O Christmas It's not time to go on a diet, it's precisely dates to allow yourself some excess and enjoy with family and friends around the table. But it's never too much to know a trick not to go over and drag the extra pounds until summer.
Well, researchers from the University of Birmingham and the Loughborough University they performed the "Study of the winter weight watch"Winter Weight Supervision Study," to observe behaviors that may prevent weight gain during Christmas parties. Supported by the National Institute for Health Research (NIHR) in the UK, they have shown that weighing regularly on the home scale is significantly effective in avoiding gaining weight during these holidays.
Keeping weight on the home scale can help you not get fat at Christmas
272 volunteers were randomly placed into two groups: the intervention and the comparison group. Members of the intervention group were invited to weigh at least twice a week at home (ideally every day) and to monitor Weight. They also received 10 top tips and a list of the amount of physical activity what it would take to burn calories which are found in popular foods and drinks Christmas.
In contrast, the comparison group received no indication of being heavy and only had a brief information leaflet on how to use a style of healthy life, which did not include dietary counseling. The study, now published in The BMJ, was held in 2016 and 2017, but participants were followed up until February 2018.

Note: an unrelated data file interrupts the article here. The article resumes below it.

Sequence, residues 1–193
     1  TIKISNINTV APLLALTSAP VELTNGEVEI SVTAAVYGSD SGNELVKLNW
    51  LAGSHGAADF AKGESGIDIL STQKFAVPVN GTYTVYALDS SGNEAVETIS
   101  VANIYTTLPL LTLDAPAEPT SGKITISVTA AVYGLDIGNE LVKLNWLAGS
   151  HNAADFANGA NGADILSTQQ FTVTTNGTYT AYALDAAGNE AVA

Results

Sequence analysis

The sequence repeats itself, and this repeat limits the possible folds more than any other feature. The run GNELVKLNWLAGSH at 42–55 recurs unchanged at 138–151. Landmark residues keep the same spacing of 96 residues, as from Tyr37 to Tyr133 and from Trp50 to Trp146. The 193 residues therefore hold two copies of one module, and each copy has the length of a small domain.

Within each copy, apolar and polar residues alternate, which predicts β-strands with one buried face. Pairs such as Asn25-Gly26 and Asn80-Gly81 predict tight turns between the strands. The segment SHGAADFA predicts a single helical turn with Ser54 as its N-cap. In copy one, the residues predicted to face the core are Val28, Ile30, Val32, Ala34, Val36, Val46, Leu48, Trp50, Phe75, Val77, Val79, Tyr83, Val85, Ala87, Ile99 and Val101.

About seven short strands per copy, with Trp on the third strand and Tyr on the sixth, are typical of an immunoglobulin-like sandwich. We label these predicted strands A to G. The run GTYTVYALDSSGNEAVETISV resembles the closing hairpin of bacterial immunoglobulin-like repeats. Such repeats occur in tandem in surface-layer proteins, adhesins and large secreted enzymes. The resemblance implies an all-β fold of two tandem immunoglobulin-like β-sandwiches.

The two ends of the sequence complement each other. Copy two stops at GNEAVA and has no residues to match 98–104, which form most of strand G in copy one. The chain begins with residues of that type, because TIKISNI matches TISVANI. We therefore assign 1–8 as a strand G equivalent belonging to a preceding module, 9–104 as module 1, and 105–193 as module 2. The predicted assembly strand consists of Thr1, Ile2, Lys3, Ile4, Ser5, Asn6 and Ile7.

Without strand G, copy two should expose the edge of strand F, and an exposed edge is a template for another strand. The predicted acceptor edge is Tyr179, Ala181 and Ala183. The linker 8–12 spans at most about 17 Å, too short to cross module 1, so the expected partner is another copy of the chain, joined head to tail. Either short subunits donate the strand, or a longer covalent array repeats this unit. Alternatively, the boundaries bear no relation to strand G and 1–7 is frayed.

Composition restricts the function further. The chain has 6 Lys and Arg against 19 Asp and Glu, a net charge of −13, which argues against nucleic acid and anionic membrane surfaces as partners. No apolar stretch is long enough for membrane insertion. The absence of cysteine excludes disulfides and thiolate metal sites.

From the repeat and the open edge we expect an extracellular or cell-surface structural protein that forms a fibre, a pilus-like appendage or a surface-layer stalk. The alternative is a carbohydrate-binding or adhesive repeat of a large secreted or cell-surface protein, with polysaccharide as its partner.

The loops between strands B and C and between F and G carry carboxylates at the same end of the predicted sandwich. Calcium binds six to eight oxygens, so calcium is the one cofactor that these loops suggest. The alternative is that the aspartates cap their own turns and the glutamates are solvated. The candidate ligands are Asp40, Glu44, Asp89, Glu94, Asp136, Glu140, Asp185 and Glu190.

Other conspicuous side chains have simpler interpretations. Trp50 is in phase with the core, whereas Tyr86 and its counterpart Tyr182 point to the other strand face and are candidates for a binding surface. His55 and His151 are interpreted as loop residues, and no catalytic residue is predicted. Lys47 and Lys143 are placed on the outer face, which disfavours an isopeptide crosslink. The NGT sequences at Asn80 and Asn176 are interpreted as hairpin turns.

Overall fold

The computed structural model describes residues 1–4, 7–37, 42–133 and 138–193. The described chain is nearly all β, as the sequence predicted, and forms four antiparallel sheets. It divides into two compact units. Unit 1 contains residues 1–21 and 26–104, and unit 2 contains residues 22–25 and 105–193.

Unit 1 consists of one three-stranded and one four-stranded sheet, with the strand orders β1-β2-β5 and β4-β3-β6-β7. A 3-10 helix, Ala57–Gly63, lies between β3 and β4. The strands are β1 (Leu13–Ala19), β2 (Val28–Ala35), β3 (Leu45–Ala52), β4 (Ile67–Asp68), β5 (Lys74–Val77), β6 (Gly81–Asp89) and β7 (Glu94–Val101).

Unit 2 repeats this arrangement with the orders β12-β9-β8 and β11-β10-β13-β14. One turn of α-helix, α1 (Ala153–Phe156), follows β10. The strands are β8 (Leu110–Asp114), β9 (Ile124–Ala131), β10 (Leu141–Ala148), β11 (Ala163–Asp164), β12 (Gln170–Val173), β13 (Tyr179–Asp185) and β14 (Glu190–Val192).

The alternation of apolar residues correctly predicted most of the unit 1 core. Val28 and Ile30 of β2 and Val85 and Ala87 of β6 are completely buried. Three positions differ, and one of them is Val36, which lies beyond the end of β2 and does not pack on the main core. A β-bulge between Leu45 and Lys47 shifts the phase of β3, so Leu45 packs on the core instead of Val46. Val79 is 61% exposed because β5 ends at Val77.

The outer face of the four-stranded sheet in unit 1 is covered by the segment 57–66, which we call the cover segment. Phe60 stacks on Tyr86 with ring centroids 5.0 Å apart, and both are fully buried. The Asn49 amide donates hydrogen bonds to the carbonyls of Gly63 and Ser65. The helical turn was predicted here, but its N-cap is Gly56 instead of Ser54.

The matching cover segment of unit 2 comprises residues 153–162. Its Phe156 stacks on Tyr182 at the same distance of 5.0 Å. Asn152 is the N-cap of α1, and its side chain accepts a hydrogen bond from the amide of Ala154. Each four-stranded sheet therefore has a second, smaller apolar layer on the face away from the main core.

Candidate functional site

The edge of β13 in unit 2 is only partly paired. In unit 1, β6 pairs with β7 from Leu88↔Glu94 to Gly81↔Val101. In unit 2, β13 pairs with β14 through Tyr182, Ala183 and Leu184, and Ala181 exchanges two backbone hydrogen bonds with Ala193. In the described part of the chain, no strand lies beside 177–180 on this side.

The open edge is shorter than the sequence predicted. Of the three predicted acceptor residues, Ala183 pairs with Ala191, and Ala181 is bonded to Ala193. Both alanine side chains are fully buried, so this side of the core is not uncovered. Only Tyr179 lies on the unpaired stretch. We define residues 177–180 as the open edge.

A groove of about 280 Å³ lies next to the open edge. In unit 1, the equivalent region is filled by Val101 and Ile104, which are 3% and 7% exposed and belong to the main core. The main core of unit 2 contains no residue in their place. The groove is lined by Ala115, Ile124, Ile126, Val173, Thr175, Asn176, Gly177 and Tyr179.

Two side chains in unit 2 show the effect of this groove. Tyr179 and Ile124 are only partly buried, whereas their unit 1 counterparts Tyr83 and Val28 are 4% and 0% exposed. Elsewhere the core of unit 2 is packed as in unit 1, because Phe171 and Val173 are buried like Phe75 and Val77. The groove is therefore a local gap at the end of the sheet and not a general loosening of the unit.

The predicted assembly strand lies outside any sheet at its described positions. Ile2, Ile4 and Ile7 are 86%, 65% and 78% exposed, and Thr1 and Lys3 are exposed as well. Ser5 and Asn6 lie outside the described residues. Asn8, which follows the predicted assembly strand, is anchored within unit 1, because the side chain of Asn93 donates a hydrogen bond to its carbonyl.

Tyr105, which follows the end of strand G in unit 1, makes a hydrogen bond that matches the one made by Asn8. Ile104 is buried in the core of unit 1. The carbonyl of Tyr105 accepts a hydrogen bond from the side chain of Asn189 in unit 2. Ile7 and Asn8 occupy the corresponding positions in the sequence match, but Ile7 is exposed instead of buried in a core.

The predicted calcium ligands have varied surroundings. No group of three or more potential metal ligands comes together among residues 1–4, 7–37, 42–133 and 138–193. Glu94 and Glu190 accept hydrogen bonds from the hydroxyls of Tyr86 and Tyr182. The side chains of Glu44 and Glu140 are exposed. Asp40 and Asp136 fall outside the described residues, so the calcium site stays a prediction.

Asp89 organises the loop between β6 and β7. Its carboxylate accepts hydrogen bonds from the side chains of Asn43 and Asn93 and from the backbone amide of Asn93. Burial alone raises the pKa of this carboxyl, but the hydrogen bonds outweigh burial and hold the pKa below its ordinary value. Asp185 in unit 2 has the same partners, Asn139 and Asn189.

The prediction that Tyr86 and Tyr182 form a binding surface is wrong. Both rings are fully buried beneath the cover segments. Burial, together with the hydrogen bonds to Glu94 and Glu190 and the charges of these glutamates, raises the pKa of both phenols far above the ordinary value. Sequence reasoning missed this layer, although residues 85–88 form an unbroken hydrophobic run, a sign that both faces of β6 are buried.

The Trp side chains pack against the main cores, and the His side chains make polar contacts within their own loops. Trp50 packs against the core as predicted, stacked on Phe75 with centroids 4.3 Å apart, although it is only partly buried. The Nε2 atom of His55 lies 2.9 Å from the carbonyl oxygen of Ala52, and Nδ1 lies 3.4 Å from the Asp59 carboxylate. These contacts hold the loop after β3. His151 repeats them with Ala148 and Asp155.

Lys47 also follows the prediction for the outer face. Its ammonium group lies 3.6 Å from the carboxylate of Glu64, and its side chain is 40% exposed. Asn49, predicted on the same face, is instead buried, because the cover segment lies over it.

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A person can consume 6,000 calories on Christmas Day, triple the recommended amount
The results showed that, on average, the participants in the comparison group gained some weight during the Christmas, but participants in the intervention group did not. Those in the intervention group completed the study with a mean weight of one-half kilogram lower than those in the comparison group. In short, it was found that members of the intervention group, being able to take better care of their diet, were able to control their weight more.
The first author of the investigationFrances Mason of the University of Birmingham's Applied Health Research Institute says that "the holiday season offers the opportunity for prolonged overconsumption and sedentary behavior." And it's just the day of Christmas, a person may consume 6,000 calories, three times the recommended daily amount.
According to another researcher, the teacher Amanda Daley, Faculty of Sports, Exercise and Health Sciences at Loughborough University, we have increased a small amount of weight up to 1 kilo every year in Christmas. "Our research has shown that a brief intervention over the Christmas period can help avoid those small increases in weight that accumulate and lead to obesity epidemic"